Asking prices down but 1st time buyers paying more

The price of typical first-time buyer homes coming to market has increased at double the national average over the past year, according to Rightmove data.

The portal’s latest House Price Index showed that the average asking price of property coming to market has fallen by 1.1% to £305,670 overall this month but the typical first-time buyer home of two bedrooms or fewer was the only category where the asking price has increased, by 1.3% month-on-month.

This now puts their annual rate of increase up nearly £15,000 (8.2%) at £192,147, almost double the average yearly percentage growth rate of 4.5% overall.

This chimes with separate research from Rightmove showing that those living with parents and the age group from 21 to 24 ranked highest in negative sentiment, in stating it is a ‘bad time to buy’.

However, properties at the higher end of the ladder also seem to be having some issues, with new asking prices dropping 3.1% on a monthly basis to £533,818.

The average time to sell increased by one day to 65 but is still one day quicker than this time last year.

Miles Shipside, housing market analyst for Rightmove, said: “Building 2m extra homes in the short term is not going to happen, so the immediate goal must be to meet the current 230,000 annual target for house building and to include more affordable options.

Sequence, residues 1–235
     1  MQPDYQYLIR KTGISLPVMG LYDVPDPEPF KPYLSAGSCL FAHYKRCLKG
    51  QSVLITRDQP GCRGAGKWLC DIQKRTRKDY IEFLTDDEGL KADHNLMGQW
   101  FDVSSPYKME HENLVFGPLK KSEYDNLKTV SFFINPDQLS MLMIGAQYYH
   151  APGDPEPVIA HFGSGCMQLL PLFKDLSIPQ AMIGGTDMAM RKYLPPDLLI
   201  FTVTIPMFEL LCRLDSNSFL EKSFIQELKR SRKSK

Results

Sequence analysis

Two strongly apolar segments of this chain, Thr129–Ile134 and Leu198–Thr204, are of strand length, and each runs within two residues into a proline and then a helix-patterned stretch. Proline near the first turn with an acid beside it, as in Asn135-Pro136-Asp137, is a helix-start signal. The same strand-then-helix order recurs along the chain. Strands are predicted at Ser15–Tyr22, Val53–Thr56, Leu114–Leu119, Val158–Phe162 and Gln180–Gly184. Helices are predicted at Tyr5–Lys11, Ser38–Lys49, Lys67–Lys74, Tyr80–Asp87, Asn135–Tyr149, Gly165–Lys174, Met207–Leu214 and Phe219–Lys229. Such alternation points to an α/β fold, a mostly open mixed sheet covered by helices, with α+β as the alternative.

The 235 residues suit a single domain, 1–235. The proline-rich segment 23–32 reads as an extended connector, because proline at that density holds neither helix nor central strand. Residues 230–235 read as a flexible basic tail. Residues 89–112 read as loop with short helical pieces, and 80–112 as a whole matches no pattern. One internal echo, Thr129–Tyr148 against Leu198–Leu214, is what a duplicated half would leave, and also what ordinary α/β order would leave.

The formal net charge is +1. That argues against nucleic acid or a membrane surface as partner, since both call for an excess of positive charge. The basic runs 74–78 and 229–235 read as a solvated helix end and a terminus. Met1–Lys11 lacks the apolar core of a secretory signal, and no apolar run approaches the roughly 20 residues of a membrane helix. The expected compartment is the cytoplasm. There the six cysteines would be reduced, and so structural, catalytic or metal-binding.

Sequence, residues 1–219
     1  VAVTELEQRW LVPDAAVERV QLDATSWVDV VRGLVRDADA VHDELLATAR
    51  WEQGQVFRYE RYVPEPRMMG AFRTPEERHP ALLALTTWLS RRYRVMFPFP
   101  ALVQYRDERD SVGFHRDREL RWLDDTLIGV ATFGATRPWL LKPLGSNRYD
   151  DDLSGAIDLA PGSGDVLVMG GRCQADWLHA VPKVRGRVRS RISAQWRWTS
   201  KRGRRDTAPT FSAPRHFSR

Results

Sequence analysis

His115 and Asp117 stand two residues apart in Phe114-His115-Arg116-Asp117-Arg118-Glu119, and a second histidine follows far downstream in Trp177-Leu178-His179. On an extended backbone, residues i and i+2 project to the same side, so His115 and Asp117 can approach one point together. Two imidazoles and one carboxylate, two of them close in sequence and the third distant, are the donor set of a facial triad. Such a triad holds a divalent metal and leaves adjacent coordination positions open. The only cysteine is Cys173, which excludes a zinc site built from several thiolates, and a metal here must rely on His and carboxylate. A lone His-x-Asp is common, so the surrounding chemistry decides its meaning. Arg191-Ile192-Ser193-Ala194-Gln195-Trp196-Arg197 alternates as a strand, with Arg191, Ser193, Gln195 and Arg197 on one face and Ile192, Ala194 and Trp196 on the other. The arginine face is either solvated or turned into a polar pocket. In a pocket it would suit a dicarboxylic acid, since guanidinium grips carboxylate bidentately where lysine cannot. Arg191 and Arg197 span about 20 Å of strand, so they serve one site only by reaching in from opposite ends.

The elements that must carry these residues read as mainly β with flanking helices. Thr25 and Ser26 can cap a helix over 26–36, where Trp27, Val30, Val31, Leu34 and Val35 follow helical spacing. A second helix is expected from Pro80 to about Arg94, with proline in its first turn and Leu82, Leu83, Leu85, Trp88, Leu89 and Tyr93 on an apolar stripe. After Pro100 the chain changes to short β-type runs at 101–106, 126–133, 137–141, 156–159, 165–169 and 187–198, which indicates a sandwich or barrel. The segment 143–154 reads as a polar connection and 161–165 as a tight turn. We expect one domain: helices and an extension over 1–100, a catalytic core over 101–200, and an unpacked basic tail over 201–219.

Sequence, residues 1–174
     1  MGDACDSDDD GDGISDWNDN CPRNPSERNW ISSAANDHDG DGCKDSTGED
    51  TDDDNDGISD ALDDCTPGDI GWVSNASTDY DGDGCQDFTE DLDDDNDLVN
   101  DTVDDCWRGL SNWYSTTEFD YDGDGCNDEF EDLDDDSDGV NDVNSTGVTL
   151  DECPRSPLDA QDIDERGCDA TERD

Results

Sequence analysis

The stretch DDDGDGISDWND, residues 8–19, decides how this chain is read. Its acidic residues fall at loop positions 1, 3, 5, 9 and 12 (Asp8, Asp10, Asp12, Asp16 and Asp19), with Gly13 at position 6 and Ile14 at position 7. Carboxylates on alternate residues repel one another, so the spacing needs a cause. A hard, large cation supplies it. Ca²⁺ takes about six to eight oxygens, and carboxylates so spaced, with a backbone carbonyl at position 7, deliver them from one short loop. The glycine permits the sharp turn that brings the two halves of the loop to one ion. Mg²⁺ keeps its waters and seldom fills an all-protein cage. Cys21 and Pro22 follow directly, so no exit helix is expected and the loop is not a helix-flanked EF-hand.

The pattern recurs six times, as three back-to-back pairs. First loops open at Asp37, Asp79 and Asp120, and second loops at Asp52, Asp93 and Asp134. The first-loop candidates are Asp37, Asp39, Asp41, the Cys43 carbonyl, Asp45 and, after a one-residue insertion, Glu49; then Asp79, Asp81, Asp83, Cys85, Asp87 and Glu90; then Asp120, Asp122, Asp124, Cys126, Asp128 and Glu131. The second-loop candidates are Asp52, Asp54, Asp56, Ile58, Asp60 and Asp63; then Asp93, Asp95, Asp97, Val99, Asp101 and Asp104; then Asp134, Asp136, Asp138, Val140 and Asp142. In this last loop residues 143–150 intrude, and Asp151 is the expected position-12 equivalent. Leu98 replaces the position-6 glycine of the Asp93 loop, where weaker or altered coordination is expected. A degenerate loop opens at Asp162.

“This needs a co-ordinated approach to create an army of appropriately skilled workers, to include small and medium size developers, and to massively increase capacity and output.

“This has to be facilitated by more innovation, creative funding and overcoming some vested interests. Local authorities or housing associations have a major role for both social rented housing and the ownership ladder, perhaps allowing renters to build an equity stake that leads to gradually increasing shared ownership.”

Meanwhile, when it comes to actual sold prices, the latest Your Move House Price Index shows values rose by 0.4% in October to £294,351 – the highest monthly rate since the first quarter of 2016.

Annual growth slowed to 3%, down from 3.7% in September.

Adrian Gill, director of Your Move and Reeds Rains estate agents, said: “There’s been a general cooling in transaction numbers and buyer appetite in the housing market, which means we’re still seeing huge differences in the price growth across different regions.

“What hasn’t changed is an underlying picture of strong demand and inadequate supply. More and more young adults are living with their parents, but there’s no sign they are less ambitious to get their own place.

“As the Government looks again at housing, it will be a tall order to come up with something that meets the needs of people right across the country.”


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Written by: Houseladder